The polar ice caps may be melting and the seas slowly swallowing western Alaska, but let us breathe a collective sigh of relief now that one of the longstanding holdouts in Deniersville has decided that those climate-studying scientists were right after all: the earth is heating up, and humans are indeed responsible. In a belated move of intellectual integrity and moral urgency, CNN meteorologist Chad-come-lately Myers, serving as weather correspondent for the network since 1999, has packed up his collection of old canards and put them to pasture.
It couldn’t have anything to do with Bill Nye calling him out on his own network earlier this week, could it? Surely it does—because when The Science Guy needles you on national television, you churn out an op-ed at lightning speed clarifying your views. Coincidence of timing or no, I’d like to see the two on the same side in future climate segments, matching bow ties optional. If nothing else, perhaps our howls will be slightly less exaggerated when “The Most Trusted Name in News” slides across the ticker. (Barf)
And let’s not call this a miracle. Call it what happens after a sober assessment of available evidence and a principled muzzling of self-pride. Call it an example of a hardline denier who frequently used his role as a news personality to misinform the public and question the anthropogenic connection to climate change setting things right. His plainspoken op-ed comes up more than a few marbles short of courageous, but it was necessary, if only so those who leaned on him for their climate doubts can no longer do so.
For a time it seemed as though nothing could penetrate Myers’ Venus-thick sulfuric cloud of denial, impervious as he was to ubiquitous climate data. In a 2008 segment he insisted, “to think that we could affect weather all that much is pretty arrogant.” Two years later he carted out the tinfoil by implicating climate scientists in a mass conspiracy of corruption. On other occasions he seemed to concede the planet is warming but downplayed our role in the matter by pointing up a smorgasbord of debunked mechanisms, including sunspot activity, negative cloud feedback, and urban heat island effects. All chewed cud, unbeknownst to noone.
As someone who eroded public understanding on climate for the better part of two decades, one might expect a more penitent posture or deliberate recall of his earlier comments. But instead he briefly recounts his intellectual journey from initial skepticism to acceptance. According to Myers, the evidence wasn’t in yet. Whatever keeps you from tossing and turning in the night, I suppose. He says that in the 1980s the human release of greenhouse gases had not yet emerged as a clear driver of climate change, with several other causal factors still on the table. Well, maybe the memo hadn’t yet reached undergrad meteorology programs, but that’s largely false.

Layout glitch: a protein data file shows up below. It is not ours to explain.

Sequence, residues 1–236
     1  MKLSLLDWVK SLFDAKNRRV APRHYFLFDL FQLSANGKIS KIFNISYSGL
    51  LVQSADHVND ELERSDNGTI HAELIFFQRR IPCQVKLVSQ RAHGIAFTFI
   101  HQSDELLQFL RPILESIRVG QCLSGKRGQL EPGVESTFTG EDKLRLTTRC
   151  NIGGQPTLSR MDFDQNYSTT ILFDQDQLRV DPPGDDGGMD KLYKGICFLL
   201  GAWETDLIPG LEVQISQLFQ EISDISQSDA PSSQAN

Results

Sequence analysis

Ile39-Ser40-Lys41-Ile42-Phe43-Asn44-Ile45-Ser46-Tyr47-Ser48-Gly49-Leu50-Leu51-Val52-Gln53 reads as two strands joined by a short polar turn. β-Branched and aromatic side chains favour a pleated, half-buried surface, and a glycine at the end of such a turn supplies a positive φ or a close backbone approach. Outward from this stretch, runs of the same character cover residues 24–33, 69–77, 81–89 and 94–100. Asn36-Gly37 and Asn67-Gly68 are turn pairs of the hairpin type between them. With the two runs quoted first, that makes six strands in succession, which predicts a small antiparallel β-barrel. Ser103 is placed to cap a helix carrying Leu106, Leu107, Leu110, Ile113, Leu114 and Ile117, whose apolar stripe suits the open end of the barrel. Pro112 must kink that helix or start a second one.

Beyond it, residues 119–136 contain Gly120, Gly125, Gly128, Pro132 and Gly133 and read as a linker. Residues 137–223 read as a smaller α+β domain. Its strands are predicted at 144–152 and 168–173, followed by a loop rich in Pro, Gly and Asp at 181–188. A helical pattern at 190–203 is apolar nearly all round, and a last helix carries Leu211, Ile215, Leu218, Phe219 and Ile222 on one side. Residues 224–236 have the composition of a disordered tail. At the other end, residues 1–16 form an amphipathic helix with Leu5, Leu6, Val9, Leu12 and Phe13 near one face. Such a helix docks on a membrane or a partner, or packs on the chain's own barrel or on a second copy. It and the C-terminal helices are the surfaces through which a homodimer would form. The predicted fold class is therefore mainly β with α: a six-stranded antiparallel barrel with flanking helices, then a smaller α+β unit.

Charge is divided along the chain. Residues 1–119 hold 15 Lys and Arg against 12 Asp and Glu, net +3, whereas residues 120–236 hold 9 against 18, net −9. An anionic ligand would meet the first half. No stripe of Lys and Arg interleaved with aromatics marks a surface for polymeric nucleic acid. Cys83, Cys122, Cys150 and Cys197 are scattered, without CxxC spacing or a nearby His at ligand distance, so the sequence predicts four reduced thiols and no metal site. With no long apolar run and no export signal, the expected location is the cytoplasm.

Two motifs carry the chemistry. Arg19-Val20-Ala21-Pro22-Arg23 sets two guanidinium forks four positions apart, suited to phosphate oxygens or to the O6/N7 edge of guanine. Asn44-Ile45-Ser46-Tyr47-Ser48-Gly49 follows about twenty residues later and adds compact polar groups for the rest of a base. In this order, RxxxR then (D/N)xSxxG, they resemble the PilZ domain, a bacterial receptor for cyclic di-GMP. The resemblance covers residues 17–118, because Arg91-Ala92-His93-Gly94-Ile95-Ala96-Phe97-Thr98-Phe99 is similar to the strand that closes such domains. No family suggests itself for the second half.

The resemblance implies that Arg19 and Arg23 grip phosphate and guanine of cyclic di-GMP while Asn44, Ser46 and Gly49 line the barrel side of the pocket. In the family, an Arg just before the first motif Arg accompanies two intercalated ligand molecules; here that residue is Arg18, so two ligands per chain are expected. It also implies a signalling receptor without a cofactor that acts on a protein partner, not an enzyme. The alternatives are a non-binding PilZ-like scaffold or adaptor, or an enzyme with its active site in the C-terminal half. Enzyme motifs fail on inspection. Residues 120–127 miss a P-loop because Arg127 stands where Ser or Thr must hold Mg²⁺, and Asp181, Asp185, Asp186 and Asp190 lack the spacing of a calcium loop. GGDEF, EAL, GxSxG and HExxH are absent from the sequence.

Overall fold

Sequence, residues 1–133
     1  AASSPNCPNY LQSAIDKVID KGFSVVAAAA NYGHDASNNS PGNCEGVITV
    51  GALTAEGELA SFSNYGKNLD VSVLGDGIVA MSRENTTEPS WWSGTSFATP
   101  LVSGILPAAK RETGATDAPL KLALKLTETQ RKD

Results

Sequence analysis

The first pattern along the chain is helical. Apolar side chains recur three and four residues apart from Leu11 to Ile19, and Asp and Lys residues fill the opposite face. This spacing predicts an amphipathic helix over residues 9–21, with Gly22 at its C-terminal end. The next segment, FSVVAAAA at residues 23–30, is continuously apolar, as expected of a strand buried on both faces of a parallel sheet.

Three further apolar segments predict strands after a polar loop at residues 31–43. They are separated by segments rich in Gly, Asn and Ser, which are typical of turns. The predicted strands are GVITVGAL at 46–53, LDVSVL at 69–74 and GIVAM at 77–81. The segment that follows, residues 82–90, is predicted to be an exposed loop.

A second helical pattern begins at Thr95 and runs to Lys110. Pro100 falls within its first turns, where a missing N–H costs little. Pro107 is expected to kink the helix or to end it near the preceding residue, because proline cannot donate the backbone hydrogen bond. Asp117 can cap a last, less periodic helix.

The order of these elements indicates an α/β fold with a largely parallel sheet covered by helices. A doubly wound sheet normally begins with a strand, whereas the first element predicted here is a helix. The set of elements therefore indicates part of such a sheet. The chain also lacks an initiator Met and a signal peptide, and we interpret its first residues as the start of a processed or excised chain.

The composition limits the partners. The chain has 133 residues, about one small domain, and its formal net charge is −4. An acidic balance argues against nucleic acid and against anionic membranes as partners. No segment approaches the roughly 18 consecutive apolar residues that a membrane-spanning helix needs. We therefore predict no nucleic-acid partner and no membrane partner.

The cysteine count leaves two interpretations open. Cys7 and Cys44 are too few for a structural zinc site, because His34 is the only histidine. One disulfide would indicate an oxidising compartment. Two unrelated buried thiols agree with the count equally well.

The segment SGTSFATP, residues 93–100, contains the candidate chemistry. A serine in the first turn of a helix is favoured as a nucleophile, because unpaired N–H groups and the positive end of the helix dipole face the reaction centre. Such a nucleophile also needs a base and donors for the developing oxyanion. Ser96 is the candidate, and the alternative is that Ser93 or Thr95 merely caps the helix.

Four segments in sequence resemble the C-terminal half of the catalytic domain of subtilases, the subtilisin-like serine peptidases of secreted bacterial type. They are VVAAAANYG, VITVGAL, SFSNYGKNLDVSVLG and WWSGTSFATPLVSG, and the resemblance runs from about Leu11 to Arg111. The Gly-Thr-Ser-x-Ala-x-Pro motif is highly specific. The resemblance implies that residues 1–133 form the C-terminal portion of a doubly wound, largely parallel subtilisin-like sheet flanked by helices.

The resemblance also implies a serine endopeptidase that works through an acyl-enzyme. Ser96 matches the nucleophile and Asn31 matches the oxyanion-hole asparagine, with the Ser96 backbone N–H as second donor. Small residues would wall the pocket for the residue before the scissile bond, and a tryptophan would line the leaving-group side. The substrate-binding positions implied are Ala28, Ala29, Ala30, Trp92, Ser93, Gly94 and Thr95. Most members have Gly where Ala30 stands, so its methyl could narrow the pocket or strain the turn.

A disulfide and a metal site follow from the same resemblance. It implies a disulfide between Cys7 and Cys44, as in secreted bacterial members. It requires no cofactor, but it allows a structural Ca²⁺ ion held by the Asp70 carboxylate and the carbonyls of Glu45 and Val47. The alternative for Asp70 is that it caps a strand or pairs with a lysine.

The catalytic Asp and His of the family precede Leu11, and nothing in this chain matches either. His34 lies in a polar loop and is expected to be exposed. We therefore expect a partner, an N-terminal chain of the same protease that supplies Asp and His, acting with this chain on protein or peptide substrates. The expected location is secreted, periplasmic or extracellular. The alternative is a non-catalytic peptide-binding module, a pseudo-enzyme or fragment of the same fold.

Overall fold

The gravity of climate change was known at least as far back as 1965, when the first scientific report was made to President Lyndon Johnson. What’s more, the specific atmospheric agent was named in his special address to Congress that same year: “This generation has altered the composition of the atmosphere on a global scale through radioactive materials and a steady increase in carbon dioxide from the burning of fossil fuels.” And the scientific understanding of the link between CO2 and climate was of course established long before that: since the mid-19th century thanks to Tyndall and Arrhenius.
And while it’s true that there has always been a sizeable discrepancy between meteorologists and climatologists around human-induced climate change, all of the major professional societies in his own field had published official statements affirming the human origins of recent global warming and its future consequences by the early 2000s, including the World Meteorological Organization, the American Meteorological Society, and the American Geophysical Union (1999). We had the basic picture locked down decades ago, partisan politics notwithstanding; your doubts and skepticism were no more rational in 2005 than they were last year.
If Myers cared about this issue as much as his forthright denunciations over the course of his career suggest, why shirk due diligence and ignore those published statements by the top experts in his field? Where was this op-ed ten years ago? On the backburner while he catered to people for whom a general distrust in science comes as natural as breathing, is the correct answer.
Weather is not climate, and weathercasters are not climate scientists. But for most Americans, Myers and his on-air colleagues are probably the most visible scientists, for better or worse. Because of that, they bear profound responsibility for staying current with developments in the broader scientific community, especially those relating to climate change, and disseminating that information accurately to the public. I imagine Bill Nye would have said the same.
External link: Changing opinions on climate change, from a CNN meteorologist